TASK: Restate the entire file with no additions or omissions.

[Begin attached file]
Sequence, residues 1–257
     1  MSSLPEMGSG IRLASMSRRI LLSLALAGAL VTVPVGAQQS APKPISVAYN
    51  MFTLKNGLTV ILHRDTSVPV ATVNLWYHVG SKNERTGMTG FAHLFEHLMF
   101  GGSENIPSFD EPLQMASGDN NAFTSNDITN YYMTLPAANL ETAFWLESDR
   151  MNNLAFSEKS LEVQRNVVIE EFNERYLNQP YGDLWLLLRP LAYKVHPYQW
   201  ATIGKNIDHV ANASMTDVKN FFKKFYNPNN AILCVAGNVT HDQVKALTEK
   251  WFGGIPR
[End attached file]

Sequence, residues 1–257
     1  MSSLPEMGSG IRLASMSRRI LLSLALAGAL VTVPVGAQQS APKPISVAYN
    51  MFTLKNGLTV ILHRDTSVPV ATVNLWYHVG SKNERTGMTG FAHLFEHLMF
   101  GGSENIPSFD EPLQMASGDN NAFTSNDITN YYMTLPAANL ETAFWLESDR
   151  MNNLAFSEKS LEVQRNVVIE EFNERYLNQP YGDLWLLLRP LAYKVHPYQW
   201  ATIGKNIDHV ANASMTDVKN FFKKFYNPNN AILCVAGNVT HDQVKALTEK
   251  WFGGIPR